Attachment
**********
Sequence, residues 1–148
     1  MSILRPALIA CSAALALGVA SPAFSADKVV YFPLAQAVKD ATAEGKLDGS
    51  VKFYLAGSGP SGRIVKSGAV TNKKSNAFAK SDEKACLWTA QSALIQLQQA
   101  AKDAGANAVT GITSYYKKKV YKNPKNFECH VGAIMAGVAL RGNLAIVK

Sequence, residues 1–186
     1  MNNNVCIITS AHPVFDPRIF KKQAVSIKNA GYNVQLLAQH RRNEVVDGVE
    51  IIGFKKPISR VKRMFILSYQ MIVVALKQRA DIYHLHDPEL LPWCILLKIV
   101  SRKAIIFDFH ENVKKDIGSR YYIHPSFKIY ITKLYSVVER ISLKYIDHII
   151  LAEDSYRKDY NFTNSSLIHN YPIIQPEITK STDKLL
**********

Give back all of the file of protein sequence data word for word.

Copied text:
Sequence, residues 1–148
     1  MSILRPALIA CSAALALGVA SPAFSADKVV YFPLAQAVKD ATAEGKLDGS
    51  VKFYLAGSGP SGRIVKSGAV TNKKSNAFAK SDEKACLWTA QSALIQLQQA
   101  AKDAGANAVT GITSYYKKKV YKNPKNFECH VGAIMAGVAL RGNLAIVK

Sequence, residues 1–186
     1  MNNNVCIITS AHPVFDPRIF KKQAVSIKNA GYNVQLLAQH RRNEVVDGVE
    51  IIGFKKPISR VKRMFILSYQ MIVVALKQRA DIYHLHDPEL LPWCILLKIV
   101  SRKAIIFDFH ENVKKDIGSR YYIHPSFKIY ITKLYSVVER ISLKYIDHII
   151  LAEDSYRKDY NFTNSSLIHN YPIIQPEITK STDKLL